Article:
Is interesting this TryIntoIterator?


#1

I was thinking about the ability of creating a fixed-size array from iterator, and I come up with this solution (the main can be run with sanitizers to check if everything work fine):

extern crate rand;

use std::{mem, ptr, fmt::Debug, ops::{Deref, Drop}};
use rand::{thread_rng, Rng};

pub trait TryFromIterator<A>: Sized {
    type Error;
    fn try_from_iter<T>(iter: T) -> Result<Self, Self::Error>
    where
        T: Iterator<Item = A>;
}

#[derive(Debug)]
pub struct IterError;

macro_rules! impl_try_collect_array {
    ($($N:expr)+) => {
        $(
            impl<T: Sized> TryFromIterator<T> for [T; $N] {
                type Error = IterError;

                fn try_from_iter<I>(mut iter: I) -> Result<Self, Self::Error>
                    where
                        I: Iterator<Item = T>,
                {
                    let mut out: mem::ManuallyDrop<[T; $N]>;
                    let stop_index = unsafe {
                        out = std::mem::uninitialized();
                        let mut out_iter = out.iter_mut().enumerate();
                        loop {
                            if let Some((index, out_item)) = out_iter.next() {
                                if let Some(in_item) = iter.next() {
                                    ptr::copy_nonoverlapping(&in_item, out_item, 1);
                                    mem::forget(in_item);
                                } else {
                                    break Some(index);
                                }
                            } else {
                                break None;
                            }
                        }
                    };

                    if let Some(stop_index) = stop_index {
                        unsafe {
                            for item in out.iter_mut().take(stop_index) {
                                ptr::drop_in_place(item);
                            }
                        }

                        Err(IterError)
                    } else {
                        Ok(mem::ManuallyDrop::into_inner(out))
                    }
                }
            }
        )+
    }
}

// Used to inject `try_collect` inside `Iterator`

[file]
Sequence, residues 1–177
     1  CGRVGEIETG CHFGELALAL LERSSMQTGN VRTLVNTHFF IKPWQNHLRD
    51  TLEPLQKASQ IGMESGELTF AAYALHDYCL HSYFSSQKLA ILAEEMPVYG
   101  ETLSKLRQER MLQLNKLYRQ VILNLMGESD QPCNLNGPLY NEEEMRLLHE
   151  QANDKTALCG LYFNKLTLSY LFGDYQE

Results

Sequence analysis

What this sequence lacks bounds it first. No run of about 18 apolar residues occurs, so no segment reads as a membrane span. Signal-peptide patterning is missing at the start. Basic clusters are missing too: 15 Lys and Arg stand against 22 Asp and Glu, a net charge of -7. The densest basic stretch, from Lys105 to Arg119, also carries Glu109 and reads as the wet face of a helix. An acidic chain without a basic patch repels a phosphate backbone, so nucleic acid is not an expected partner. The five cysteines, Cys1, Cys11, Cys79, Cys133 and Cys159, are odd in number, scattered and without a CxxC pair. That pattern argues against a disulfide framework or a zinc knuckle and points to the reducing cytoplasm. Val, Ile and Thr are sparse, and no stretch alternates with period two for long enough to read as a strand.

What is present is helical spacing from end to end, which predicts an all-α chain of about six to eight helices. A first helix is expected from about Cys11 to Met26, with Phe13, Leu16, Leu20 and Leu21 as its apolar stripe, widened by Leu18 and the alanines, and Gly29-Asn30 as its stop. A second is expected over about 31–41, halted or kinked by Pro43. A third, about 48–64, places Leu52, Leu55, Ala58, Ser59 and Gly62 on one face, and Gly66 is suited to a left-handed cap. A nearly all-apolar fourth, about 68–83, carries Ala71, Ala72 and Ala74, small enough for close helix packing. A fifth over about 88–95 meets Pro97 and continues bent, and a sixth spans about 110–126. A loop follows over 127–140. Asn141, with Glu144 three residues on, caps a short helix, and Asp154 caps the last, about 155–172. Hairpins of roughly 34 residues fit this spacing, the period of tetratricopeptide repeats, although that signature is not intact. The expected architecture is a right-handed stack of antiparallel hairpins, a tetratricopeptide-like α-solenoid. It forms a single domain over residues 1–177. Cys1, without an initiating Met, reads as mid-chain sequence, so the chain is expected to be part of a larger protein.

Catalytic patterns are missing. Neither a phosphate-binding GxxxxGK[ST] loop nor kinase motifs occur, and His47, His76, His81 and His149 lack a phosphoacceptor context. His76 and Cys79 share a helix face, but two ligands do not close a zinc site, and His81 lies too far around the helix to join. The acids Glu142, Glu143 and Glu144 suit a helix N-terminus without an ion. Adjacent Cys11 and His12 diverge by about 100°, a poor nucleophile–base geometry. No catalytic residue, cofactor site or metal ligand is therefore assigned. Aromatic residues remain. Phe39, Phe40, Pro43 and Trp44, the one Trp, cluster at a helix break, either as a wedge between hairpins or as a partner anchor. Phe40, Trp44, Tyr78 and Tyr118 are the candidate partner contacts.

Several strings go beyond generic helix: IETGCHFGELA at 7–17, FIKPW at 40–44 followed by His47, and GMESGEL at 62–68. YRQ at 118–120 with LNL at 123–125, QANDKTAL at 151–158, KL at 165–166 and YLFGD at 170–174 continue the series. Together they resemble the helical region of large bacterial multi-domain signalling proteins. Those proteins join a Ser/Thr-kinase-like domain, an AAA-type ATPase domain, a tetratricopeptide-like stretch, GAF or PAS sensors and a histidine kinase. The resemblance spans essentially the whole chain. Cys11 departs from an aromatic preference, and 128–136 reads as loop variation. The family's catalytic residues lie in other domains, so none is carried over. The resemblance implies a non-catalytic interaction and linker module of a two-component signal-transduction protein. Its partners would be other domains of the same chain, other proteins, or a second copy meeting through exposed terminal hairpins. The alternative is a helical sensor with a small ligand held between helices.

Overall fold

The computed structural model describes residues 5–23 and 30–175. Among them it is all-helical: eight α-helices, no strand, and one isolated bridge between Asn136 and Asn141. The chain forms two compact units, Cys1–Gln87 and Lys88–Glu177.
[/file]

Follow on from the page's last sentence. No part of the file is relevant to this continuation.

trait TryCollectExt<T: Sized>: Iterator + Sized {
    fn try_collect<F>(self) -> Result<F, F::Error>
    where
        F: TryFromIterator<Self::Item>;
}

impl<I, T> TryCollectExt<T> for I
where
    T: Sized,
    I: Iterator<Item = T> + Sized,
{
    fn try_collect<F>(self) -> Result<F, F::Error>
    where
        F: TryFromIterator<T>,
    {
        TryFromIterator::try_from_iter(self)
    }
}

impl_try_collect_array!(1 2 3 4 5 6 7 8 9 10 11 12 13 14 15 16 17 18 19 20 21 22 23 24 25 26 27 28 29 30 31 32);

#[test]
fn test1() {
    let data: [u8; 10] = (0u8..).into_iter().try_collect().unwrap();
    assert_eq!(data, [0u8, 1, 2, 3, 4, 5, 6, 7, 8, 9]);
}

#[test]
#[should_panic]
fn test2() {
    let _data: [u8; 10] = (0u8..5).into_iter().try_collect().unwrap();
}

#[derive(Debug, Clone)]
struct NoisyVec<T: Debug>(Vec<T>);

impl<T: Debug> Deref for NoisyVec<T> {
    type Target = Vec<T>;

    fn deref(&self) -> &Self::Target {
        &self.0
    }
}

impl<T: Debug> Drop for NoisyVec<T> {
    fn drop(&mut self) {
        println!("Dropping {:?}", self.0);
    }
}

#[derive(Debug, Clone)]
struct PanicVec<T>(Vec<T>);

impl<T> IntoIterator for PanicVec<T> {
    type Item = T;
    type IntoIter = PanicIterator<Vec<T>>;

    fn into_iter(self) -> Self::IntoIter {
        println!("Calling into_iter");
        PanicIterator(self.0.into_iter())
    }
}

struct PanicIterator<T: IntoIterator>(T::IntoIter);

impl<T: IntoIterator> Iterator for PanicIterator<T> {
    type Item = T::Item;

    fn next(&mut self) -> Option<Self::Item> {
        println!("Calling next");
        let mut rng = thread_rng();
        let rand_value = rng.gen_range(0, 10);
        if rand_value < 6 {
            self.0.next()
        } else {
            panic!("Whoops, PanicIterator is panicing!")
        }
    }
}

fn get_array_not_fault() -> Result<[NoisyVec<i32>; 7], IterError> {
    let vec = NoisyVec((0..10).into_iter().collect::<Vec<_>>());
    std::iter::repeat(vec).try_collect()
}

fn get_array_fault() -> Result<[NoisyVec<i32>; 7], IterError> {
    let vec = NoisyVec((0..10).into_iter().collect::<Vec<_>>());
    std::iter::repeat(vec).take(5).try_collect()
}

fn get_array_panicing() -> Result<[Vec<i32>; 7], IterError> {
    let vec = (0..10).into_iter().collect::<Vec<i32>>();
    let vec_of_vec = PanicVec(std::iter::repeat(vec).take(10).collect::<Vec<Vec<i32>>>());
    vec_of_vec.into_iter().try_collect()
}

fn main() {
    println!("Testing with not faulting test");